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Estimated production time: 3 weeks
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The free standing “Tree” Bookcase is inspired by the stylized shape of a tree, with a base that recalls magazine racks of the early 1900s.
The oblique shelves alternate, giving a rhythm to the library. The vertical elements welded to the shelves allow books to stand or newspapers to be rolled up.
The bookcase can be completed in a green or gold painted, powder-coated finish and is available in three different heights: H.74, H.125, H.176 cm.
28x40x176, 28x40x125, 28x40x72
Green powder coated
Gupica is the brand and the artistic identity of Gunilla Zamboni. After completing a degree in Foreign Literature, she continued her studies in Florence focusing on the art of fresco and mural painting, completing her studies with a Master\'s degree in Peintre en Décor in Versailles, France. She later specialized in Interior Design at IED in Milan. She worked with Italian and French masters, honing the secrets and techniques of decorative painting in France and the study of design in Italy.
The creative studio designs projects using a multidisciplinary approach, involving decorative arts, interior and product design, contemporary experimentation and craftsmanship. It is a transversal approach where decoration becomes a tool to propose useful codes to explore the expressive and sensorial dimension of the project. Attention to detail and a constant dialogue between contemporary and fragments linked to tradition are always distinguishing elements in the projects.
Currently there exists a group of designers who have reintroduced the vitality of craft into Turkish design. Their work is a continuation of the craft techniques adapted to contemporary fabrication. Importantly, they have also reorganized the symbolic potential of local Turkish craft, working directly with craftspeople who are more centrally involved in the creation of these designs. Designers working as collaborators with these craftspeople invigorate design and, at the same, using the means of handcraft, rejuvenate the symbolic import of design through a focus on gesture, form, and technique revealing a latent symbolism organically driven through process.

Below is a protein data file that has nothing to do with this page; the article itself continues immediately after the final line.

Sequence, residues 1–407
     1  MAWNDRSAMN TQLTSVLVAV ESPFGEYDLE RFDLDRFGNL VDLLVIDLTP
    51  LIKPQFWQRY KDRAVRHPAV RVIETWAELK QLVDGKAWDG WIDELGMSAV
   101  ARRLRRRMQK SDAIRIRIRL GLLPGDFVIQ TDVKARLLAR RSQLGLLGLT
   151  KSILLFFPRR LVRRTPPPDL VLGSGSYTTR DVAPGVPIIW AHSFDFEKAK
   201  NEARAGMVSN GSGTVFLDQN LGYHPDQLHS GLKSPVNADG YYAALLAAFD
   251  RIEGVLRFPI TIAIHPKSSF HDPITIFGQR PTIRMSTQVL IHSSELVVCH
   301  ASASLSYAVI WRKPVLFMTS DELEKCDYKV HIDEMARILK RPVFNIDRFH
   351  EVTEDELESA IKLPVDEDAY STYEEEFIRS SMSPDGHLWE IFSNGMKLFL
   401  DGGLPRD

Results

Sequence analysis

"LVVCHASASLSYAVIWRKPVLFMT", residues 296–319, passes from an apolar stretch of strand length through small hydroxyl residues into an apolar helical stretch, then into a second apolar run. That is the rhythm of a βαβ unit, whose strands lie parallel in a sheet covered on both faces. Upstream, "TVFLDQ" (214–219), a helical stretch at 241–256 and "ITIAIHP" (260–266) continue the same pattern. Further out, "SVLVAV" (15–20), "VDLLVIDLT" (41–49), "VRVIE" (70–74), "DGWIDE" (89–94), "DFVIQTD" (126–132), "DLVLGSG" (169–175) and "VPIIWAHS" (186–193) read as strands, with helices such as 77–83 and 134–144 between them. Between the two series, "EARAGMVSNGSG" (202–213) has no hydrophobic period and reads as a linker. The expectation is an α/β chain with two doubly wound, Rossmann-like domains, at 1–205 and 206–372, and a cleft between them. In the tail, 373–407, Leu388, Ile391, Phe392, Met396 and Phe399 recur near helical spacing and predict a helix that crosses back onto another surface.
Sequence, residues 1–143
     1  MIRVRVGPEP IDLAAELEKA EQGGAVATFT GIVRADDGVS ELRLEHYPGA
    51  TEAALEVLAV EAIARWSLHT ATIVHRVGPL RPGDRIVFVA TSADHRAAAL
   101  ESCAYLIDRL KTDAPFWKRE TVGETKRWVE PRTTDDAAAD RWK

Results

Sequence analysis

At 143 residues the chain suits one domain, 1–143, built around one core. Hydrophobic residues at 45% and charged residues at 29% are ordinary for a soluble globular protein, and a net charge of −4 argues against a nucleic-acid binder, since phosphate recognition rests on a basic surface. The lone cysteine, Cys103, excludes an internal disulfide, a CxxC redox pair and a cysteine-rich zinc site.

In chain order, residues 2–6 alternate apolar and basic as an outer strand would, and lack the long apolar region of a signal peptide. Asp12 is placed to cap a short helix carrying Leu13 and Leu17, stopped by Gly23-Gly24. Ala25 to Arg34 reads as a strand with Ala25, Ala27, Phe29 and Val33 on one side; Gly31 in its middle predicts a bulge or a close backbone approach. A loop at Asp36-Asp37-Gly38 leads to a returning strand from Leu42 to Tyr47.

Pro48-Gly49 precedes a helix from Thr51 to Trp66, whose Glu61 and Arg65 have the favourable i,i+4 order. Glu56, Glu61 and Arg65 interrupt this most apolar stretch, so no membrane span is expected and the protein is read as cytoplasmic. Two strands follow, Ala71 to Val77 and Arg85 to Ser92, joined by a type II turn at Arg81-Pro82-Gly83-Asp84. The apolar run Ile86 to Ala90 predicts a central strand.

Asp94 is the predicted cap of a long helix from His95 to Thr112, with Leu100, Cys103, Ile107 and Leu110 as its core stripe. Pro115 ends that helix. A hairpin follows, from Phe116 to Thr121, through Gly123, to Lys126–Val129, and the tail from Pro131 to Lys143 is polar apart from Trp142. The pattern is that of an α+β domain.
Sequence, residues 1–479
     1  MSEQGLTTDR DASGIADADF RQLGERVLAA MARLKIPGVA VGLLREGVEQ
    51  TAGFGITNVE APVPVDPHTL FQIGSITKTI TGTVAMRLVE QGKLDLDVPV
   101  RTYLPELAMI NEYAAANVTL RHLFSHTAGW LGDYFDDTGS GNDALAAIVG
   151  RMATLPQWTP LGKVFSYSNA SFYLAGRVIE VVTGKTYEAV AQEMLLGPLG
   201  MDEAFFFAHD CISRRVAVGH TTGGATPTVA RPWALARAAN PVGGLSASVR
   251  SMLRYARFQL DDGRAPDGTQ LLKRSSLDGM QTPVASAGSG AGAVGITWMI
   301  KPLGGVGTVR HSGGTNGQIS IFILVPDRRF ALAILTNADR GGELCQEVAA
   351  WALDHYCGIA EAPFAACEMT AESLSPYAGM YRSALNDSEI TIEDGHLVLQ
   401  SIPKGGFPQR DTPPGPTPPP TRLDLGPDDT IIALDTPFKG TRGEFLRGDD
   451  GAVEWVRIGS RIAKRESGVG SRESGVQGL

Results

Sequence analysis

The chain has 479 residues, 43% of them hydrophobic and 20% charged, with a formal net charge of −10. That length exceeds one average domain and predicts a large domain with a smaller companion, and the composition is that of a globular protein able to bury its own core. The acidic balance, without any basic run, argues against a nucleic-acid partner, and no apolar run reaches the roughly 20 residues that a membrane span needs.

This focus on touch leads to another feature of Turkish design: the imperfect gesture. Gestures ranging from the perfect to the imperfect are an important factor in the final form of an object. They determine the shape and contours of objects in their realization, and have an underlying iconic potency.
For thousands of years, the performance of the hand in cutting, shaping, molding, and chiseling materials was the key factor in the final form of many objects. The hand’s capabilities and limitations guided the process in which function was realized, and also resulted in the aesthetics and stylization of the object, generating what can be described as “latent symbolic force”. The aesthetic and stylistic symbolism connects the object to its maker and designers giving a sense of authorial identity and originality to each work. The designer and craftsperson collaboratively and cooperatively realize this design, thus connecting to the symbolic potential of craft and objects. With geometry and pattern as a basis, form is realized within the material production of design, its techniques, and material constraints, resulting in what we can loosely term as the idiom of Turkish design in this synthesis of symbol and craft.
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